The economic fallout created by the coronavirus pandemic is already being deeply felt by workers and families across California. In fact, the Golden State has seen unemployment numbers skyrocket in the past several weeks, more than any other state in the nation. This is already having a disparate impact on Latinos—more than 1 in three Latino children live with someone that works in an industry affected by the economic slowdown caused by COVID-19 business closures.
When Governor Newsom announced the creation of a 125 million disaster relief fund for undocumented workers this month, it represented a major step towards providing much-needed financial support for immigrants locked out of federal COVID-19 relief. However, given that it could take many months, even years for the state to achieve a full economic recovery, our leaders in Sacramento will need to consider policies to expand the safety net to meet the needs of the state’s most vulnerable families. They can start by expanding the California Earned Income Tax Credit (CalEITC) and the Young Child Tax Credit (YCTC) to all workers, regardless of their immigration status.
What is CalEITC and YCTC?
California has two refundable income tax credits that put money back in the pockets of low-wage workers, helping them cover the costs of basic necessities:
• First, the California Earned Income Tax Credit, which is available to families and individuals earning less than $30,000.
• Second, the Young Child Tax Credit, available to families that qualify for CalEITC that have a child under 6 years of age.
CalEITC and YCTC help boost the incomes of low-income individuals and families by reducing the amount they owe when filing their state income taxes. Families and individuals who do not owe any state income taxes can claim the full credit they qualify for as a cash refund.
In 2019, more than 2 million people claimed the CalEITC, who shared $395 million from the credit. 2020 is the first year that families will be able to claim the YCTC; 400,000 California families are expected to benefit.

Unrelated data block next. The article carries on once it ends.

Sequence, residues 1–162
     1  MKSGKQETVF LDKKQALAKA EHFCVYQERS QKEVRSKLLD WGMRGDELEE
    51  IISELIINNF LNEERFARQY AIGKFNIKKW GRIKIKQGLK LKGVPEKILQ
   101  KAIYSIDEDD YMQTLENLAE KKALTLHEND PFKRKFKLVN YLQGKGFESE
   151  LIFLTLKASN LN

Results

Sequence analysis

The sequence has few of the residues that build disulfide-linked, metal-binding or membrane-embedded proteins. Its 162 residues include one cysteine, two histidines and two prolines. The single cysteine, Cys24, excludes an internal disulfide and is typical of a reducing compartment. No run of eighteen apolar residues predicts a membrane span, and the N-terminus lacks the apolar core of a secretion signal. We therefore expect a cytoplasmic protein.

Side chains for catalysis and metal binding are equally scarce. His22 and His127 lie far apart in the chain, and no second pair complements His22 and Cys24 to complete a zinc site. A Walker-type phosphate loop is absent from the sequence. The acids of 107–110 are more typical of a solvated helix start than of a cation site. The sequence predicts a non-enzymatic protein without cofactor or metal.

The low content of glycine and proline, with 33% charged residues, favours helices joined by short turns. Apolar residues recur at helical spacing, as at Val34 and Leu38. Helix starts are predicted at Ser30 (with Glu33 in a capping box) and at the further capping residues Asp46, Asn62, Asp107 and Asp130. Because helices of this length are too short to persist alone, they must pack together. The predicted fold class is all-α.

How does this affect Latino immigrants?
Currently, immigrants that file their taxes using an Individual Taxpayer Identification Number (ITIN) do not qualify for CalEITC and YCTC. If lawmakers modified tax credit eligibility to include all taxpayers, including undocumented workers that file using an ITIN, an estimated 505,000 to 722,000 Californians would see a boost in their income.
In California, Latino children are more than twice as likely to live in poverty when compared to white children. Expanding tax credit eligibility can help reduce economic hardship faced by low-income families—in fact, 90% of children who would benefit from an expansion of CalEITC and YCTC are Latino children of undocumented immigrants.
According to the California Budget & Policy Center, the cost to include immigrant families in CalEITC and YCTC is estimated to be between $79 million to $113 million. This is a modest investment considering the fact that undocumented immigrants contribute 3.1 billion in state and local taxes annually.
California can be proactive and ensure that Latinos are not forced to bear the brunt of a future economic slowdown caused by the current health emergency. Our leaders must honor the contributions that immigrants make to our state—expanding the state’s safety net to include them and their families would be a good first step.
Written by Eduardo García, Senior Policy Fellow at the Latino Community Foundation